Training rooms that once would have housed purpose-built, machine-based systems now resemble internet cafes, with up to 100 standard desktop PCs in a line and networked together to let trainees explore the boundaries of collaborative training scenarios. Importantly, VBS2 also allows instructors to participate in the virtual world, freezing the action to explain a point or inserting additional objects to add an element of unpredictability to the training.

“The word ‘wargames’ is taking on a completely new meaning for the UK Ministry of Defence (MoD).”

Given the familiarity of today’s new soldiers with 3D shooter-style games, the similarity to a networked gaming lounge is more than casual. “Uptake of COTS simulation products within the Army has been assisted by the computer-literate nature of today’s soldiers,” says the Australian DoD spokesperson. “These soldiers are familiar with these products and are able to utilise the systems very quickly with a minimum of training.”


Soldiers’ familiarity with COTS simulators may be delivering strong learning outcomes but it also introduces a range of issues for military trainers. Foremost among these is the issue of realism: while VBS2‘s $1,500-a-seat price tag isn’t exactly cheap compared with mainstream games, it’s far less expensive than previous alternatives that had to be built around custom-built graphics engines and simulator components.

While computers made in the last two years generally pack enough graphics and CPU power to run the game smoothly, there are inevitable compromises between the real world and the level of detail possible in the simulated one.

This is quite alright – as long as trainers know the products’ limitations and work around them. Yet while COTS simulators may provide a quite realistic simulation in some environments, once soldiers start pushing the boundaries they will soon lose faith in the simulation if it starts to show its limitations in unexpected ways.

“We’re complex people, and if you give smart people tools that on the face appear to be pretty clever – but have limitations underneath – they’ll pretty quickly discover them,” says Peter Cantwell, manager of the simulation group within global defence giant Tenix Aerospace & Defence.

“The key for defence is getting value for money, while meeting the training need.”

“Their primary response is going to be ‘how good does this look’, but experienced users will look at cognitive issues, and how well it causes the end user to behave in a way that is representative of their behaviour in the real world. It’s not just about writing cool software and being able to use the latest technologies; you really need to understand how you can go from a particular training need to a simulation.”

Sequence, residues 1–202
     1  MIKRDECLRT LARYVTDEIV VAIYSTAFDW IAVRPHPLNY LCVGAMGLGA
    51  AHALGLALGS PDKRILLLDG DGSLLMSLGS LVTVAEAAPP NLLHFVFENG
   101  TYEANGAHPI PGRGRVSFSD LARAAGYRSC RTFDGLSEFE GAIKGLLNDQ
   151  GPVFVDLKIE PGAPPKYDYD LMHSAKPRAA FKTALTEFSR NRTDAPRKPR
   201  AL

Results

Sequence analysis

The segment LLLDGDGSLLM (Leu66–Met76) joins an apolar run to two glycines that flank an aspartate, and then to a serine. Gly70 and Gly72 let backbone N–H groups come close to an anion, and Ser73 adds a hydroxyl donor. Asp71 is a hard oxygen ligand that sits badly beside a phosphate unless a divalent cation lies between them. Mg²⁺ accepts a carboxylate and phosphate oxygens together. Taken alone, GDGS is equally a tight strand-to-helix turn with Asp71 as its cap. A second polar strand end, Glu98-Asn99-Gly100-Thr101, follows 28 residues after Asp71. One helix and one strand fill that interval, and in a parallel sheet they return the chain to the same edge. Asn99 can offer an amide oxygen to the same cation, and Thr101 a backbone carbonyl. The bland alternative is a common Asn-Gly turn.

In many cases, these training needs don’t even involve weapons. Amongst the military bodies adopting VBS2, for example, scenarios have been developed to cover tasks as seemingly mundane as the proper way to take witches’ hats out of a Humvee and position them when setting up a roadblock.


Naval and specific equipment simulations may focus more on the interaction between various systems than on the specific outcomes the trainees achieve. In these situations, the operation of a particular valve – and its relation to a switch on the other side of the virtual console – needs to reflect reality even when the specific processes underneath the dashboard may be classified.

For this reason, COTS simulators aren’t likely to fully replace the traditional arsenal of purpose-built simulators – which are usually true-to-life models provided by defence contractors intimately familiar with the equipment’s inner workings. But as computer and graphics processing power continues to increase, military organisations are looking for new ways to exploit the flexibility of modern computing platforms.

A natural offshoot of closed-network gaming, for example, will be the linking of military simulations in different locations into a unified virtual theatre of operations. An army simulator might, for example, link up with a separate team running a flight simulator in another location; the teams’ respective machines would ideally show up to both groups within the same virtual world.